How did Yavapai fare in election process?
The biggest complaint he heard from Yavapai County voters on March 22 was the windy weather, reported Yavapai County Supervisor Chip Davis. The supervisors met briefly Wednesday, March 30, to canvass the results of the Presidential Preference Election.
Elections Director Lynn Constabile said Yavapai County led the state with nearly 69 percent of eligible voters turning out, as compared to 52 percent statewide. For the most part, everything went smoothly at the polling places. The exception was Trinity Presbyterian Church on Park Avenue where a mechanical failure caused a delay of less than 15 minutes.
Constabile said workers at the church voting center offered voters three choices: wait until the repair was completed, come back later, or visit another vote center. The closest vote center was five minutes away at the County Administration building on Fair Street, she said.
Nevertheless, one voter was aggravated enough to email the Board of Supervisors just before the polls closed on Election Day. Karen Hudson said she tried to vote just before 7 a.m. on her way to work and discovered she couldn't due to the technical difficulties. She felt county officials were not well prepared and the failure was "absolutely unacceptable."
"I was just appalled. It seemed to me that it was not something that had just happened. They need to work through all the technical difficulties before we get to the polling places," she said.
Constabile said all equipment is tested multiple times before Election Day, and sometimes circumstances beyond the election department's control happen. They gave voters a list of other vote centers to visit if they chose to.
"We are one of the few counties in the nation that do not assign polling locations. Our vote centers give the option to cast your ballot in any of our 29 locations, rather than having no option other than to wait," Constabile wrote in a response letter to Hudson.
At one Verde Valley voting center, a gentleman called to complain about the "chaotic" conditions. When he learned that three election workers failed to show up, he decided to become part of the solution, Constabile said, and has signed up for training to help in the next election.
John Orr has worked in the past four elections in Chino Valley. He said there were no backup lines like Maricopa County experienced.
"But we did have a lot of disgruntled voters," he said, more than any other election he's worked. The election system appeared to have missing or incorrect information on voters even though they had voted in the 2012 election or had not changed addresses.
Orr said it took longer for those voters to fill out the information to get a provisional ballot than those not needing one, although it took only 10-12 minutes at most to get through the process.
Voters can use one of four methods to cast their ballots. They can appear on Election Day at a voting center, they can vote in person at the County Administration building up to 27 days prior to and including Election Day, they can request a one-time early mail-in ballot, or they can request to be put on the permanent early voter list for mail-in ballot.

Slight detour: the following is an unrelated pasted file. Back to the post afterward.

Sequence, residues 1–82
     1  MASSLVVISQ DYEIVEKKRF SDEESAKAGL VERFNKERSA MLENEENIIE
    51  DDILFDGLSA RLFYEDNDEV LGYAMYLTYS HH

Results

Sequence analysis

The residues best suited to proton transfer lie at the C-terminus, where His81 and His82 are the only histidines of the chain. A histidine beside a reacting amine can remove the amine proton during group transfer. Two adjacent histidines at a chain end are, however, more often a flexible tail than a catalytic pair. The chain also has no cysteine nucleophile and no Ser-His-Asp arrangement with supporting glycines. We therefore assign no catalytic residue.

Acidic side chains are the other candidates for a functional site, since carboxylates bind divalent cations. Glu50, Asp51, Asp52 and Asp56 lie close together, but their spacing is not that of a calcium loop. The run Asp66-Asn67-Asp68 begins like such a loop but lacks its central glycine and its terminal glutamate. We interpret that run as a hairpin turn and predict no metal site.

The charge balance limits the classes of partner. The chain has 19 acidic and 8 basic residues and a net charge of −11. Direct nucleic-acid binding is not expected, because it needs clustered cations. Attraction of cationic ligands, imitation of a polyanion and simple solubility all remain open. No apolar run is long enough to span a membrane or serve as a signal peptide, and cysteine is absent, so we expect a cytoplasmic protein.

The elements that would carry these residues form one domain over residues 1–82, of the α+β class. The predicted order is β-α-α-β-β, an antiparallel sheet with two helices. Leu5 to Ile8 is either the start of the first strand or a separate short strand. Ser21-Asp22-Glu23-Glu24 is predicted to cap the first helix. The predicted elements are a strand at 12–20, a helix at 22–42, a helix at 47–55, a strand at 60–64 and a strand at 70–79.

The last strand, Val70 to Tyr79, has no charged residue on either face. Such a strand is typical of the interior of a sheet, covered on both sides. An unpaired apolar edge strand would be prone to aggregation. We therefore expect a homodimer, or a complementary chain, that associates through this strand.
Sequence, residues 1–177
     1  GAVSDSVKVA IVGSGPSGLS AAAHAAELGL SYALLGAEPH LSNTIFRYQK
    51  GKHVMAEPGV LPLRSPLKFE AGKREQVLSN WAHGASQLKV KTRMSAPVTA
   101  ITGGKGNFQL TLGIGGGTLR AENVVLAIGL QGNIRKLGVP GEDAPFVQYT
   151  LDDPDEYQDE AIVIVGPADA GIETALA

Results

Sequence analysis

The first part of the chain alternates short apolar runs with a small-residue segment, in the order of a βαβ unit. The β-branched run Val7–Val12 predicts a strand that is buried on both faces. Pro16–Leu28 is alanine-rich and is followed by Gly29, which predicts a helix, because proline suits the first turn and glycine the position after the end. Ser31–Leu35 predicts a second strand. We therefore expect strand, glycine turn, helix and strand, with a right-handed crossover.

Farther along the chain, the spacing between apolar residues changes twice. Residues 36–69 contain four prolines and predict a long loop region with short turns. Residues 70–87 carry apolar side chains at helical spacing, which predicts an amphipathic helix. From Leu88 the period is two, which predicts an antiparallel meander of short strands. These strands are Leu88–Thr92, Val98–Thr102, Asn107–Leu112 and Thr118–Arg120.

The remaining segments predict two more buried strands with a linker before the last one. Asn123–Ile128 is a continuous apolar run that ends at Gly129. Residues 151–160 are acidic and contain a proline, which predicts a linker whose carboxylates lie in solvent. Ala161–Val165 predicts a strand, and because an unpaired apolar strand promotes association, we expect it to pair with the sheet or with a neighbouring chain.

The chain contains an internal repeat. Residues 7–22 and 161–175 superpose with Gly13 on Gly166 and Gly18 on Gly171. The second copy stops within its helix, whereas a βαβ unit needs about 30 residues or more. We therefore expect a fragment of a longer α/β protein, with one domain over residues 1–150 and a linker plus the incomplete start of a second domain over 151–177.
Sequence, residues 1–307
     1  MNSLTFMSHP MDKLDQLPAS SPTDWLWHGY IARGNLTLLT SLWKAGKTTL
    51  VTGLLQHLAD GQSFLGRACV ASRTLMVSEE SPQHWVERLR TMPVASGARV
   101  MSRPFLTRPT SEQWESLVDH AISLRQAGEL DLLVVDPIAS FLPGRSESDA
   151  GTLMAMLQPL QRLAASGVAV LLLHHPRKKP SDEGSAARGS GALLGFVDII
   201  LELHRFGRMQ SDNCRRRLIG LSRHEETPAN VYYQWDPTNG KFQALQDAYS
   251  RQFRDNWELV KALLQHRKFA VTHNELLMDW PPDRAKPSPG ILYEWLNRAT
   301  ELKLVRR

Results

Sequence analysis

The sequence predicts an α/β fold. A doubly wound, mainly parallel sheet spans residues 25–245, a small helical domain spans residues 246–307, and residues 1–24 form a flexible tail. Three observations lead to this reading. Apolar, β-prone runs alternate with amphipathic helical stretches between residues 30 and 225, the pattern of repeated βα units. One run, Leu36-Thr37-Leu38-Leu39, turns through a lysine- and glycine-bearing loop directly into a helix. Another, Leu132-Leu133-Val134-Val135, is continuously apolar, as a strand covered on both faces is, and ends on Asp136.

Yavapai County voters take advantage of the early mail-in ballot in increasing numbers - 82 percent voted in this manner for the PPE, up from 78 percent in 2012 and 21 percent in 2008.
Out of the 46,645 early ballots cast, election officials rejected 300, or .64 percent, mostly because the signatures differed from the ones on file. About 71 could not be counted because there was no signature. Officials also received six empty envelopes and found that five people voted twice.
At the polls, officials gave out 3,350 provisional ballots of which 61 percent, or 2,072 ballots, were rejected. This high percentage occurs during the PPE because, despite the attempts at educating voters prior to the election, some people remain confused about the need to register as Democrat, Republican or Green Party to be eligible to vote. Just over 1,914 provisional ballots were rejected because the voters were the wrong party; 95 were not registered; 26 already sent in an early ballot; 19 were incomplete or unsigned; six envelopes arrived empty; five registered too late; five were out of jurisdiction; and two did not provide proper identification.
"A provisional ballot is like a last chance to vote. If you come in to a voting center and say you are eligible to vote, by law we have to provide you a ballot, even if none of the information matches," said Leslie Hoffman, Yavapai County recorder.
Hoffman and Constabile are enthusiastic defenders of citizens' right to vote. They make sure anyone who wants to vote has the opportunity to do so. They checked more than 20 forms submitted by the Motor Vehicles Department (MVD) against the originals given to the MVD clerk to make sure they were entered correctly into the system - they were. When a person fills in a new or renewed driver's license form and lists "none" for party affiliation, they cannot vote in a PPE. Left blank, it will not change the status of party affiliation.
Two bipartisan workers from the elections department visit most of the nursing homes and assisted living facilities at least twice a year to help residents with registration and with filling out ballots. If ballots appear with "assisted" on it, an election official will call to speak to each voter to confirm their understanding of the ballot.
"As much as we want every vote to count, we make sure it's the registrant's ballot," Hoffman said. Additional workers visit the hospitals on Election Day.
A full year of planning goes into any election. Constabile said she expected somewhere around 50 percent voter turnout based on 56 percent and 51 percent in two previous elections.
"Sixty-nine percent was beyond my wildest dream. You can't really judge who's going to show up," she said.